Replacing trailer brake shoes

Here is a step by step guide to replacing brake shoes.

Lift the trailer off of the ground and onto stands so that all of the wheels can turn freely. Make sure the handbrake is locked in the ‘off’ position.

Now you can begin by removing the wheels and the hub caps.
Remove old hub

Slacken off the brake adjuster until it becomes loose, do not remove it. On some brakes this adjuster is a bolt on the back plate of the brake, others have a ratchet type adjuster inside the brake drum. To reach this you will have to use a screwdriver to turn the ratchet through a small hole in the back plate of the brake. This may be concealed behind a plastic stud.

Loosen the brake adjuster

Remove the axle nut. This could be a simple locknut, or it could be a castle nut secured by a split pin.

Remove the axle nut

Next remove the brake drum by turning it left and right while pulling away from the back plate. Make sure you do not disturb the bearings or brake shoes at this stage.

It is also important to note that brake dust is harmful if inhaled, so be careful not to inhale any while removing the drum. If you have a buildup of brake dust, the best way to remove it is to wipe it away with a cloth.

Remove the brake drum

Now the drum is free from the trailer, check its condition. The drum should be replaced if there are deep score marks around the inside.

The next step is to remove the brake cables. For a detailed guide on brake cable replacement please see here.

Using screwdriver as a lever, carefully lift the sliding end of the shoe away from the expander. Once the top of the brake shoes are out of the expander you should be able to remove the expander and top brake shoe retaining spring.

Lever the shoe from the expander

The whole brake shoe assembly should now be lifted away from the back plate. Be careful not to lose the two small adjuster wedges that may drop out during this process.

Now check all of the brakes components including springs and the adjuster. Clean the entire mechanism, making sure everything is free to move and undamaged. Any damaged or rusty parts should be replaced. Avoid any kind of lubricant or penetrating oil as this could prevent your brakes from working.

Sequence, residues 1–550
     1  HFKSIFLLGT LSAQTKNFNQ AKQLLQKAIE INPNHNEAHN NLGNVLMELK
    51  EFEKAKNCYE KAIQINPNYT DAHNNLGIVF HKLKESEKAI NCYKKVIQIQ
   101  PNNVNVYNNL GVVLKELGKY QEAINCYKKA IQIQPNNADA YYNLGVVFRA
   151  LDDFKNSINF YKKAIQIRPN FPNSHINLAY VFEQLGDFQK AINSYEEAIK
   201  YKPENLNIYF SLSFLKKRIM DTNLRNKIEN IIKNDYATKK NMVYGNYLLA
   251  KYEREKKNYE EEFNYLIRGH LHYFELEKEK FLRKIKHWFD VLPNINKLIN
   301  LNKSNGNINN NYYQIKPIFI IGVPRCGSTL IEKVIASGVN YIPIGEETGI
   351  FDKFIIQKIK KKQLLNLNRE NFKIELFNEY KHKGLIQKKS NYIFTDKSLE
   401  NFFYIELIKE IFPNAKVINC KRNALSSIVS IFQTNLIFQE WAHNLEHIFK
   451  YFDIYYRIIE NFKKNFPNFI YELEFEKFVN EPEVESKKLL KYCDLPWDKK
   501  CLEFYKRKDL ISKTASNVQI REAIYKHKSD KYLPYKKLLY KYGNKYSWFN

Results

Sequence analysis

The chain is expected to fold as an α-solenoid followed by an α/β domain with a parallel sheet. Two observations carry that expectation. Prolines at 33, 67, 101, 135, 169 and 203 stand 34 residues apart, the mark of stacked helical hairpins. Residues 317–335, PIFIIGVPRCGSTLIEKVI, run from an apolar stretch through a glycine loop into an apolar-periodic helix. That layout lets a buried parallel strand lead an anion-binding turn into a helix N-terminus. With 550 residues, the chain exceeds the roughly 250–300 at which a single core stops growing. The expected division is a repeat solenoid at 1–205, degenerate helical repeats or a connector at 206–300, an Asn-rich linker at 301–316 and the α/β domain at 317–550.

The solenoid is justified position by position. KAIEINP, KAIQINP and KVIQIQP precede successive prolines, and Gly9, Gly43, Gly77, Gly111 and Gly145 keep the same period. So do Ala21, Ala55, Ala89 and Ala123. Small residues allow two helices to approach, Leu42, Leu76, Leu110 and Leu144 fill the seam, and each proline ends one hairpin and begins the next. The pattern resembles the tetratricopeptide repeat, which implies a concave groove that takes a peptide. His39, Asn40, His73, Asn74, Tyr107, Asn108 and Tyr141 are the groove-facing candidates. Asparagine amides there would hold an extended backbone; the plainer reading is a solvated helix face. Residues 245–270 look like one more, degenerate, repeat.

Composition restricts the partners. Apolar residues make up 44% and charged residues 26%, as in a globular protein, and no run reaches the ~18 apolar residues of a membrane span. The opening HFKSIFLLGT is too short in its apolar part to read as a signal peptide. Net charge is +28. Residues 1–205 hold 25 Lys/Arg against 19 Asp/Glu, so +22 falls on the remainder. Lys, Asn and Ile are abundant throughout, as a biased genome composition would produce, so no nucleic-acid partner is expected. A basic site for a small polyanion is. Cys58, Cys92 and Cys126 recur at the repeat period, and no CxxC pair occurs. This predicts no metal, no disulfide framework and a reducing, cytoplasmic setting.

The expander is a very important part of the brake unit and it has to remain free of rust in order for it to work properly. You can check that the expander is working correctly by simply holding it by the hinge. It should swing open freely. If it does not, rust will be preventing it and it should be replaced immediately.

Rusty brake expander
New brake expander

Re-fit the lower spring to the new brake shoes and re-position the new brake shoe assembly back onto the back plate. Remember to re-attach the assembly to the adjuster wedges, or cam block if you have brakes with a ratchet style adjuster.

Return the top retaining spring and re-fit the expander between the two brake shoes. You may need to carefully use a lever like when it was removed in order to do this.

Re-build the brake

You can now re-attach the brake cables and cover plate. If your cables are showing any signs of wear or corrosion they should be replaced for new ones at this time.

Re-fit the brake drum and bearings and secure them in place with the axle nut. For tips on how to do this, see this guide on replacing trailer wheel bearings here.

Replace the hub cap and wheels before moving on to adjusting the brakes.

Adjusting brakes

Two important things to remember when adjusting trailer brakes are as follows:

1. The trailers drawbar must remain fully extended. Adjusting the brakes while the drawbar is even slightly compressed will result in the brakes becoming incorrectly adjusted when the drawbar becomes extended during use.

2. When adjusting your brakes only rotate the trailer wheels in the forward direction. This is because most trailer brakes will lock when turned in reverse. This is because of an auto reverse mechanism.

To adjust trailer brakes you have to rotate the wheels in the forward direction. Now tighten the adjuster (either a nut or ratchet adjuster) until you can just feel the brakes start to bind. When you can feel this resistance carefully turn the adjuster back until the wheel can just rotate freely.

Now adjust the nut on the brake rod until it makes contact with the compensator. Be sure not to over tighten this as it will slowly apply the brakes, causing them to bind and overheat.

Turning each wheel backwards with the handbrake engaged will cause the brakes to lock after a short time. If they do not lock, there is too much slack in the cables and they will need further adjustment. Well adjusted brakes should leave the brake compensator at 90˚ to the brake rod, and parallel to the brake cable anchor point. As shown below.

Adjusted brake compensator

Finally, check all components have been correctly installed and all wheel nuts are tight. Remember that new brake shoes take a while to bed in and brake adjustments should be re-checked after a short journey.

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